In the village of Bhatpur, around 20 km from Bissam Cuttack, another eucalyptus farmer, Gangaraj fell from the same promise. He used to plant various types of millets (finger, barnyard) as well as cow pea, pigeon pea, niger and sesame. By growing these crops in one acre, his family was able to meet five to six months of food requirement. This continued till JKPL along with Utkal Gramya Bank visited his village. They promised that with eucalyptus plantation, his income would increase after five years. Believing them, he took a loan of Rs. 12,000 per acre.

As luck would have it, the opposite happened. Out of four acres, he could earn only Rs.40,000 in five years. This translates to Rs. 2,000 per year per acre. With this money, he can buy food (bare essentials and not include animal protein) which would be sufficient for a maximum of one month. Not only did his income decrease but his family’s food security also got compromised. Also, he got deeply indebted in five years. He has to now repay Rs. 65,000 towards his borrowed capital plus interest.

Eucalyptus: the wrong choice

Though a potential industrial crop, many references in the literature point to eucalyptus as an inappropriate inter-crop species in agroforestry systems. This is because it releases inhibitory compounds that adversely affect the germination and growth of neighbouring plants by disrupting their energy metabolism, cell division, mineral uptake and biosynthetic processes.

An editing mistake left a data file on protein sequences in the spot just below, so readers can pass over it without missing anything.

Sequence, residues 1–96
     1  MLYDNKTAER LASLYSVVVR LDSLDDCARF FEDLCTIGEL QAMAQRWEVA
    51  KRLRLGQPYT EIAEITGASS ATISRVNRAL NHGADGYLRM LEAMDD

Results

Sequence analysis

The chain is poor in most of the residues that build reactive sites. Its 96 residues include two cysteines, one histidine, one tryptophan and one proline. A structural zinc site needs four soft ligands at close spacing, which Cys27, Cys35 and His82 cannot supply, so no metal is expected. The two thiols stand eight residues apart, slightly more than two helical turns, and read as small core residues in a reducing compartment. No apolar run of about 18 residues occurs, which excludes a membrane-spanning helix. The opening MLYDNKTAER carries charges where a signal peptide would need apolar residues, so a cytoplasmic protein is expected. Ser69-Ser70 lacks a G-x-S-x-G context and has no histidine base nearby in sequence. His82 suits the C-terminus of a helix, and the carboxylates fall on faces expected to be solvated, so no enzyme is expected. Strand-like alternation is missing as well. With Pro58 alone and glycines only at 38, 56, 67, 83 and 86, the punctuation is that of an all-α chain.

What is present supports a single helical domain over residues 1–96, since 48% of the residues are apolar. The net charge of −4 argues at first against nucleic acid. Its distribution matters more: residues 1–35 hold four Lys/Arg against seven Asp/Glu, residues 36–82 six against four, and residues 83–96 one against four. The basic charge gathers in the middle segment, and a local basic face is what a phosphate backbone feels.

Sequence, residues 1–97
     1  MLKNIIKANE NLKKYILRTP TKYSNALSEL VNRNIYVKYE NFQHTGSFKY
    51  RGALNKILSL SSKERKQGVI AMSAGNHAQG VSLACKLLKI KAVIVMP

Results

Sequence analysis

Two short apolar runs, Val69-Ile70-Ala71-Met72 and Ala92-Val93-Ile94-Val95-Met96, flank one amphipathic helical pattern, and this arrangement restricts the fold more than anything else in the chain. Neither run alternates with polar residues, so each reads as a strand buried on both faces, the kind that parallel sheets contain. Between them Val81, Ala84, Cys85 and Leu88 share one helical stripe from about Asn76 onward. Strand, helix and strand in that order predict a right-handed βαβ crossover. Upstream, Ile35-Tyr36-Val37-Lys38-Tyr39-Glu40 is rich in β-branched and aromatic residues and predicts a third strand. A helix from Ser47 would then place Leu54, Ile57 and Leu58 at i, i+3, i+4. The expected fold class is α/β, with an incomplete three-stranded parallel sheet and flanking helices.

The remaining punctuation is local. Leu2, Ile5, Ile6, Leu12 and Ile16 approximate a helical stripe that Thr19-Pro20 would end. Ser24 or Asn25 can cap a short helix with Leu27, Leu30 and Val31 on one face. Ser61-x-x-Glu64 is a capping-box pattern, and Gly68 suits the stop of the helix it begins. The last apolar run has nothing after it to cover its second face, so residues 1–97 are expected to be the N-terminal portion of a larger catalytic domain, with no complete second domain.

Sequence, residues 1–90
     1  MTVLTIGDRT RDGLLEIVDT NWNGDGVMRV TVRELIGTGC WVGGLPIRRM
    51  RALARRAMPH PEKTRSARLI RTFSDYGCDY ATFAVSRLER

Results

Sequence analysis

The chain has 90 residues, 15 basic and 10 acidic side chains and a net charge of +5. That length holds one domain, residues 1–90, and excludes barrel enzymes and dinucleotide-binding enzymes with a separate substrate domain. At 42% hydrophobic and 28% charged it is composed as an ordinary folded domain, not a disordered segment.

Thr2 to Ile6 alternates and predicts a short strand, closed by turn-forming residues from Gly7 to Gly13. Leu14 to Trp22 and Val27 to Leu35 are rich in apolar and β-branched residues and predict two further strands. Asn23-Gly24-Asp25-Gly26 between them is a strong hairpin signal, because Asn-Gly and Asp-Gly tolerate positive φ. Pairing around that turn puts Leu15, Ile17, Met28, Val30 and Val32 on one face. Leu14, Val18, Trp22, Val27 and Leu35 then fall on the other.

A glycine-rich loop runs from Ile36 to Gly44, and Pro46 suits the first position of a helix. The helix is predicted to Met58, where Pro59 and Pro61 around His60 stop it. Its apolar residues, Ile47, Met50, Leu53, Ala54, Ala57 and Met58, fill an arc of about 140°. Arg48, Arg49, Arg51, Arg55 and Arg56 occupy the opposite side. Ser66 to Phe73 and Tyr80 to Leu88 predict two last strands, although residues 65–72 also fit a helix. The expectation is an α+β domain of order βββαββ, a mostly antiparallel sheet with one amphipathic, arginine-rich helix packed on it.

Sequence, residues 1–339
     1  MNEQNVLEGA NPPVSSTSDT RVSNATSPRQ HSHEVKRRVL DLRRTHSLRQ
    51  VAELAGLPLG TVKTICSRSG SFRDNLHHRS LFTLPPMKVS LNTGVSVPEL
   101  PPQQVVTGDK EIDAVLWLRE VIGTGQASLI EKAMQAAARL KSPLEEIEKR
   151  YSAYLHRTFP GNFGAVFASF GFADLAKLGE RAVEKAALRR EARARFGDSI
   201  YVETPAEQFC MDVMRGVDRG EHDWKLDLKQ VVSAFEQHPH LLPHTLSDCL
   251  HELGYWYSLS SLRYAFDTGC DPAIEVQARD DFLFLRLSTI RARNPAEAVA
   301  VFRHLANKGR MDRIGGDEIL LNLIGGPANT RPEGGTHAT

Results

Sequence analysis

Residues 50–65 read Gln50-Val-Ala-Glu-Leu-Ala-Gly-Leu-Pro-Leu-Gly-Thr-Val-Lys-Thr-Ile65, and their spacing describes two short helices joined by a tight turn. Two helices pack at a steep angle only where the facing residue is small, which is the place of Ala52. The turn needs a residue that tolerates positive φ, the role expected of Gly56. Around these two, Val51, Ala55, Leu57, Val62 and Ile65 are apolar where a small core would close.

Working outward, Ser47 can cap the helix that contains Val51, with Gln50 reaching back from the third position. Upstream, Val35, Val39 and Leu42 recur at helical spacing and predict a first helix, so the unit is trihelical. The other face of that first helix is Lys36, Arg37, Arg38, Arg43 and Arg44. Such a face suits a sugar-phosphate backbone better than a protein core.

In Ratatiki village, just a few kilometres from Bissam Cuttack, a couple of farmers reported that their farms have been affected by eucalyptus trees of the neighbouring farms. In one farm, the side closer to the 3-year old eucalyptus trees, germination of finger millets was affected, while the rest of his farm looked healthy. Somehow, his farm looked like a poorly-shaved chin. The farmer explained that this might have something to do with the eucalyptus leaves falling on that side of his farm, inhibiting the growth of the finger millet. In another patch of land where he planted sorghum, it’s the same story again.

Down the slope of this rolling village, a neighbouring farmer has a similar story. In his case, not only were his crops affected, his source of irrigation was also disrupted. There used to be a natural spring in his land. It was strong enough to irrigate other neighbouring farms too. In fact, appreciating the volume of water that came out of the spring, the local government installed an electric-operated lift irrigation system. This was four years ago when he could manage to grow crops 2-3 times a year. But now with water-guzzling eucalyptus plantation near his farm, he can grow only one crop – during rainy season. He survives the rest of the year on wage labour.

Carbon sequestration and the CDM market